“An Act for the defense of the northern and western frontiers” is passed, calling for the establishment of a number of state arsenals.

Feb 14

The Steuben County town of Troupsburgh, named for Pulteney land agent Robert Troup, is formed from Middletown (later Addison) and Canisteo.

Mar 2

Jesse Hawley writes the final, fourteenth, of his essays promoting a trans-New York State canal, for the Canandaigua Genesee Messenger.

Mar 11

Part of Steuben County is annexed to Allegany County. The Allegany county seat is permanently moved to Angelica and construction of a courthouse and a jail are mandated. The town of Alfred is formed from Angelica. ** Cattaraugus County is formed. Asa Ransom, Jonas Williams and Isaac Sutherland are chose to select a county seat. They will chose Ellicottville, as yet just a wilderness. ** Niagara County is formed from Genesee County. ** The Livingston County town of Ossian is formed from the Allegany County town of Angelica. ** The Erie County town of Clarence, including the future Buffalo, is established; the county's first town.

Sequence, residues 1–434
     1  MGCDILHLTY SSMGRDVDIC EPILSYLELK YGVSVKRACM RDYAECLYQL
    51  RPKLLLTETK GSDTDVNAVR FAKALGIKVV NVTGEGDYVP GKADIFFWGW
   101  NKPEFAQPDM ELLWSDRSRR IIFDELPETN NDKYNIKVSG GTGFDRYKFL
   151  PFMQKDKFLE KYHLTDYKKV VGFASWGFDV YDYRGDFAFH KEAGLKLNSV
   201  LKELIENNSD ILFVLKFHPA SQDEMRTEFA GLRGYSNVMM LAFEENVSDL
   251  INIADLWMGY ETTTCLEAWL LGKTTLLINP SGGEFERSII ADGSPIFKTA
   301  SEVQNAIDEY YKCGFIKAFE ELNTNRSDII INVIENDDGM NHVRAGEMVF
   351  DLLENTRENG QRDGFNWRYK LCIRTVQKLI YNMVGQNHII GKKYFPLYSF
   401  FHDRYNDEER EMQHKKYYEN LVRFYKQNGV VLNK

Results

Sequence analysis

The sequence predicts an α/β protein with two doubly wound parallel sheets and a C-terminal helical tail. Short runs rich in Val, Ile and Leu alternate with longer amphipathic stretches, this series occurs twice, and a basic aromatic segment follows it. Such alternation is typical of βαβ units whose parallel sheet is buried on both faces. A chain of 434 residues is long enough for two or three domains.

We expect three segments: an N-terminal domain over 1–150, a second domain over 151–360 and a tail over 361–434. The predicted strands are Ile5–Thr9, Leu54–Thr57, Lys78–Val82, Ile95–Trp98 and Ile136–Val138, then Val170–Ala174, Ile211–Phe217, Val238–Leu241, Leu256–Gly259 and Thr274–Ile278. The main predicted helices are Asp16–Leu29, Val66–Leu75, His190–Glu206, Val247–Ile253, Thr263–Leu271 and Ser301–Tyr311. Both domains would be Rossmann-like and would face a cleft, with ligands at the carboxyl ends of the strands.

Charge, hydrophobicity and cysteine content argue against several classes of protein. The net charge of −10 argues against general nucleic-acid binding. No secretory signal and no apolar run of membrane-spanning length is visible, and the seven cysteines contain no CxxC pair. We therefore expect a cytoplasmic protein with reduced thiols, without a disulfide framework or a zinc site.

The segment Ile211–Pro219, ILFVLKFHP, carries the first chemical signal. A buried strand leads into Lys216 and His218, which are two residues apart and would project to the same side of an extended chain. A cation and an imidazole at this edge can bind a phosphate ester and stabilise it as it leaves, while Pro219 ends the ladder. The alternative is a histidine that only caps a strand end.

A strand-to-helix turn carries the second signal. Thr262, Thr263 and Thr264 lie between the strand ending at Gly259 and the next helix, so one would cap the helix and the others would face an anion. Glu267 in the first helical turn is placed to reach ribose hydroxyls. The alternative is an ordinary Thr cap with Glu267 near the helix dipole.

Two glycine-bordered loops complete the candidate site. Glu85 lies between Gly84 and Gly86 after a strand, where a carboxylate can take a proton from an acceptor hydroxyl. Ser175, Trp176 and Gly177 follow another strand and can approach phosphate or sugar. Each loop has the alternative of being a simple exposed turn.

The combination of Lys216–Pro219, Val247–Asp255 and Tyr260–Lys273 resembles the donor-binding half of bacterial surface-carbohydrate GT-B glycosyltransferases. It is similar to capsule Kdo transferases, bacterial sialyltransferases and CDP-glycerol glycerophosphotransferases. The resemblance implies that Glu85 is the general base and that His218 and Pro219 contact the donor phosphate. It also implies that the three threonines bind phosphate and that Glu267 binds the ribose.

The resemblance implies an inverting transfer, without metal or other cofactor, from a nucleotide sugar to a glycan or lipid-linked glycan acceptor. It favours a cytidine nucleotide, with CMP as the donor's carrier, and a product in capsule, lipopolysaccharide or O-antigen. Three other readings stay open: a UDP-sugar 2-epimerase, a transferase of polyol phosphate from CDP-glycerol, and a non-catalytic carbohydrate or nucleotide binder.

Apr 6

The state legislature renames 33 towns having duplicate names. Ontario County’s Town of Pittstown has its name changed to Honeoye (it will finally be named Richmond). Yates County’s Augusta changes its name to Middlesex. Cayuga County’s Milton is renamed Genoa. The township of Boyle is formed out of the township of Northfield, to the south and east of the future Rochester. ** Secretary of the Treasury Albert Gallatin submits his report on roads and canals to Congress.

Apr 8

Cortland County, named after the first state Lieutenant Governor Pierre Van Cortlandt, is formed from Onondaga County. The town of Preble, named for Commodore Edward Preble, is formed from Tully. The Monroe County towns of Parma and Riga are incorporated.

Jun 13